EVEN though the outlook for Asian oil and gas exploration and production companies remains positive, the increased pace of overseas acquisitions in recent times – driven by energy security concerns – poses credit risks, says Moody's.
In a recent report, the ratings agency notes that even as various Asian governments seek security of supply with overseas expansion, acquisition and development costs could result in "event risks" that can have a negative impact on financial profiles in the short to medium term.
"However, the impact should turn positive in the longer term if the purchase boosts reserves and production," Moody's said.
Asian acquisitions of overseas exploration and production assets totalled over $US35 billion ($A34.1 billion) this year and accounted for more than 25% of the world's oil and gas deals in the first half of the year.
China has been at the forefront of the acquisition spree, with CNOOC buying Canada's OPTI – that has huge oil sands assets – for $US2.1 billion and exploration rights in Uganda for $1.5 billion.
Korea's KNOC also made a $3 billion tilt at the UK's Dana Petroleum, which was largely debt funded, and while its relatively higher leverage ratio impacted its credit metrics, Moody's noted it still received support of the Korean government.
KNOC recently issued $US1billion bond to finance its overseas acquisition.
Of the issuers rated by Moody's, which include Woodside, CNPC, CNOOC and Petronas among others, the credit rating agency contends CNPC and Petronas each have a very high capacity for further acquisitions due to large cash holdings and limited debt for their ratings.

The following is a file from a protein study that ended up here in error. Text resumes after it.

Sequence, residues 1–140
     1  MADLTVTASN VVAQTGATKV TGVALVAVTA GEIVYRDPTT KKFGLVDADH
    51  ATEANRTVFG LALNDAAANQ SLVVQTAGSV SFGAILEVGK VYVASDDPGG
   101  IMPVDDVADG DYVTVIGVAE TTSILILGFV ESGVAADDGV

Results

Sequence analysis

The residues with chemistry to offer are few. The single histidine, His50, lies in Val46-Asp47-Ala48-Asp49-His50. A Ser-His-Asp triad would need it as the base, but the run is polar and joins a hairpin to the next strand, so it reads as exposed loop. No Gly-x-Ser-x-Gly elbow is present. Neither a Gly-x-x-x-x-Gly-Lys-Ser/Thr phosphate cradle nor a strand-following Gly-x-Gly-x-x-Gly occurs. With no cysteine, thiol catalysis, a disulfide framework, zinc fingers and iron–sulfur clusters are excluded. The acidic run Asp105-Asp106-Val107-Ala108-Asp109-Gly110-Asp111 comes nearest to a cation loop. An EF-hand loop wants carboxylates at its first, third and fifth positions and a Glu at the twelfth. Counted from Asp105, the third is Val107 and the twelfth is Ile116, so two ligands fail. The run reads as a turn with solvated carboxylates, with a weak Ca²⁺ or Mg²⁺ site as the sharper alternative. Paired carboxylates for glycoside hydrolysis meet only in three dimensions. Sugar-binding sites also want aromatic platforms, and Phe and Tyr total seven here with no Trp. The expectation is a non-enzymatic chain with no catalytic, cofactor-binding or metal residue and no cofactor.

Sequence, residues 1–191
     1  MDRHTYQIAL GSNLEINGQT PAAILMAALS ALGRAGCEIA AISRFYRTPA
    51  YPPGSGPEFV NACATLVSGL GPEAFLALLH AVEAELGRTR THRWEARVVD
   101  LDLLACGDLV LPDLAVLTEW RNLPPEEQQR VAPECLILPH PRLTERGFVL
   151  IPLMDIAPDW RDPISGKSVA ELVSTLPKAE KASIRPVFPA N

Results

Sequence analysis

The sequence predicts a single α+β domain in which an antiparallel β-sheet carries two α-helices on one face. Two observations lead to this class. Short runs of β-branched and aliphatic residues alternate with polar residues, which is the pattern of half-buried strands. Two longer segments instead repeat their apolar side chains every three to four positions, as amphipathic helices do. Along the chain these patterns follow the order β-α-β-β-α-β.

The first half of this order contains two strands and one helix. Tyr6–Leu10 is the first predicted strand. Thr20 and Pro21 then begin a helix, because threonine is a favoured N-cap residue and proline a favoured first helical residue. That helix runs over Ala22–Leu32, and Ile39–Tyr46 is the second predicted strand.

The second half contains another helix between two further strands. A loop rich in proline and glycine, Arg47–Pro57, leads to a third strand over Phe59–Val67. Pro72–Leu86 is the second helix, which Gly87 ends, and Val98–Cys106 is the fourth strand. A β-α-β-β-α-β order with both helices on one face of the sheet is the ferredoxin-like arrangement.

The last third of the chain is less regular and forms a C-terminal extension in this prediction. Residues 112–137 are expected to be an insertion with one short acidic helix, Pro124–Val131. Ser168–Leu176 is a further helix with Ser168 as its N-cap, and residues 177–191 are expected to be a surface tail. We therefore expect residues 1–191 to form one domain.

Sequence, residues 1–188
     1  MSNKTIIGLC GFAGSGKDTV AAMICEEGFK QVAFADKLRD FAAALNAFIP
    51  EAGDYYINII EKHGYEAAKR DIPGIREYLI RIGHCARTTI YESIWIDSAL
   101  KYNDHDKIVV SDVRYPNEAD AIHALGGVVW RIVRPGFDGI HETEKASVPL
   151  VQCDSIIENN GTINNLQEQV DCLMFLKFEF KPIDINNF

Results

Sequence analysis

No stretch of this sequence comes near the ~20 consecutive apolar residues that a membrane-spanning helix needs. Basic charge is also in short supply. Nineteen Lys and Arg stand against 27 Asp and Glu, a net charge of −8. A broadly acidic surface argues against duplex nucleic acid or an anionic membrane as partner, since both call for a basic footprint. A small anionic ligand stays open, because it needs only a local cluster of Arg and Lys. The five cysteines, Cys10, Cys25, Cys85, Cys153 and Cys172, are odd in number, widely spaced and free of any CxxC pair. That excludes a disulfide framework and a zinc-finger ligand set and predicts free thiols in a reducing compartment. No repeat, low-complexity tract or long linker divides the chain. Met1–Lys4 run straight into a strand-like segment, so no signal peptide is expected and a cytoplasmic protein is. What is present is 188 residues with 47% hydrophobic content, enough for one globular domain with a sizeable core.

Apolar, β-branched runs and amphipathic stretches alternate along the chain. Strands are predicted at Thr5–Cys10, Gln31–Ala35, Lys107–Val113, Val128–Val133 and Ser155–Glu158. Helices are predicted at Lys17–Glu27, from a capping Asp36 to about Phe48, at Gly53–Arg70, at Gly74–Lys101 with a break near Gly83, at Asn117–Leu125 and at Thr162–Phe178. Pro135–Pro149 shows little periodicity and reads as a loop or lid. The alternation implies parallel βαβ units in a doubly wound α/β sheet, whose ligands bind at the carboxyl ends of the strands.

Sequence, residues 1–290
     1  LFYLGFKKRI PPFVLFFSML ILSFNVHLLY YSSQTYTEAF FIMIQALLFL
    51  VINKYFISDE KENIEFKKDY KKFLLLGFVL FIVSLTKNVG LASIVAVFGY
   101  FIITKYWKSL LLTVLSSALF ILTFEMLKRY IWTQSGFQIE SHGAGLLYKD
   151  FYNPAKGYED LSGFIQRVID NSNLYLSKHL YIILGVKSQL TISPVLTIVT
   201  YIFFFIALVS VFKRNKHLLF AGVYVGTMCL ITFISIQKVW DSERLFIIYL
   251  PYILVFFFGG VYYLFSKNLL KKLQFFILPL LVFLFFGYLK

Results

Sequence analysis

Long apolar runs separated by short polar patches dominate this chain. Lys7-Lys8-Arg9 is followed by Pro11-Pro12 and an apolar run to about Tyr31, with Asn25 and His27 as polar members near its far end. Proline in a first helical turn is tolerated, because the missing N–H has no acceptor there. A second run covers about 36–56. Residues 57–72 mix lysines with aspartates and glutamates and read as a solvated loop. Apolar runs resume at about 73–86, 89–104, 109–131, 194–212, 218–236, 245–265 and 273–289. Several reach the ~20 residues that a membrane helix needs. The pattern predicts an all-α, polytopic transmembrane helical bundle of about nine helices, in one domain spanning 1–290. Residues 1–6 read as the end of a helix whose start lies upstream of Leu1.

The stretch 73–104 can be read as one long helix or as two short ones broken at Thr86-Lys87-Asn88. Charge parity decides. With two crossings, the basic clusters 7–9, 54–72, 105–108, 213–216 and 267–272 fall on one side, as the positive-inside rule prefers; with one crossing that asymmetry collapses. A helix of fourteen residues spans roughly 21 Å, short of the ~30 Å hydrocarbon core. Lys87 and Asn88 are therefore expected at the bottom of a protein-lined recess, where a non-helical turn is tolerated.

CNPC is rated Aa3 while Petronas has an A1 rating by Moody's.
"By contrast, PTTEP and Woodside have limited capacity for further acquisitions as a result of large capital expenditure program[s] stemming from recently acquired and existing E&P assets," the agency said.
Of interest is a huge portion of the overseas acquisitions have been in unconventional energy sources, which may weigh on credit profiles.
Moody's said buying up of unconventional resources had minimal impact on the operational and financial profiles of Asian oil and gas companies, since the investments had relied largely on internal resources and not debt.
However, the acquisitions did not result in immediate or even near-term benefits because most of the assets were still under exploration and development.
"These assets require high up-front capital investments and a longer development period before realisation of commercial production,” the agency said.
"Finding and development costs therefore tend to escalate due to the much higher technical challenges in extraction."
It said in shale gas development, fraccing alone could account for up to 25% of the total development costs.
And with companies such as Thailand's PTTEP committing one-third of its global investment budget to developing Canadian oil sands, financing and development costs will only go up.
But despite the negative credit implications of high capital and operational expenditure for unconventional energy, high oil prices could offset some of the credit risks through increased free cash flows, providing a positive outlook for the sector.